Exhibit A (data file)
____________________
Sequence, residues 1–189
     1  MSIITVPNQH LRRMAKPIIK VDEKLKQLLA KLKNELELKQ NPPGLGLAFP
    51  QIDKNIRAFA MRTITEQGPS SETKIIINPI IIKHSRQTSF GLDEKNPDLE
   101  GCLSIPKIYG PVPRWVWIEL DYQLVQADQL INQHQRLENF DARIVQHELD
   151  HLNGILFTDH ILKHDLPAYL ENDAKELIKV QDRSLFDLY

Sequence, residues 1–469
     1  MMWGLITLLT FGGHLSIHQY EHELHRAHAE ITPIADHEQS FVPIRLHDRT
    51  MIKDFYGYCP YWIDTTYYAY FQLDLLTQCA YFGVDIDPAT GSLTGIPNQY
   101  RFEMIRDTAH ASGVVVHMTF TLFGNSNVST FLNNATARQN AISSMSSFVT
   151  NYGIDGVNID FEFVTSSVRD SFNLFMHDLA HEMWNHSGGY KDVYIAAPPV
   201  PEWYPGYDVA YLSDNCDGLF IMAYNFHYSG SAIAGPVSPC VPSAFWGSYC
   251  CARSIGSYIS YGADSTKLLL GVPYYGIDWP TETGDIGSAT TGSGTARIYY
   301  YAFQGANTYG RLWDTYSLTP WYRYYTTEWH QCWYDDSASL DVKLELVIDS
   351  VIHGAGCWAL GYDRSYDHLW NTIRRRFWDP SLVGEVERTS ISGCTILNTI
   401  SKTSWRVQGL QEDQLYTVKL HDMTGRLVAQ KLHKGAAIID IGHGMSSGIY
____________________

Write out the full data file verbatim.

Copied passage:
Sequence, residues 1–189
     1  MSIITVPNQH LRRMAKPIIK VDEKLKQLLA KLKNELELKQ NPPGLGLAFP
    51  QIDKNIRAFA MRTITEQGPS SETKIIINPI IIKHSRQTSF GLDEKNPDLE
   101  GCLSIPKIYG PVPRWVWIEL DYQLVQADQL INQHQRLENF DARIVQHELD
   151  HLNGILFTDH ILKHDLPAYL ENDAKELIKV QDRSLFDLY

Sequence, residues 1–469
     1  MMWGLITLLT FGGHLSIHQY EHELHRAHAE ITPIADHEQS FVPIRLHDRT
    51  MIKDFYGYCP YWIDTTYYAY FQLDLLTQCA YFGVDIDPAT GSLTGIPNQY
   101  RFEMIRDTAH ASGVVVHMTF TLFGNSNVST FLNNATARQN AISSMSSFVT
   151  NYGIDGVNID FEFVTSSVRD SFNLFMHDLA HEMWNHSGGY KDVYIAAPPV
   201  PEWYPGYDVA YLSDNCDGLF IMAYNFHYSG SAIAGPVSPC VPSAFWGSYC
   251  CARSIGSYIS YGADSTKLLL GVPYYGIDWP TETGDIGSAT TGSGTARIYY
   301  YAFQGANTYG RLWDTYSLTP WYRYYTTEWH QCWYDDSASL DVKLELVIDS
   351  VIHGAGCWAL GYDRSYDHLW NTIRRRFWDP SLVGEVERTS ISGCTILNTI
   401  SKTSWRVQGL QEDQLYTVKL HDMTGRLVAQ KLHKGAAIID IGHGMSSGIY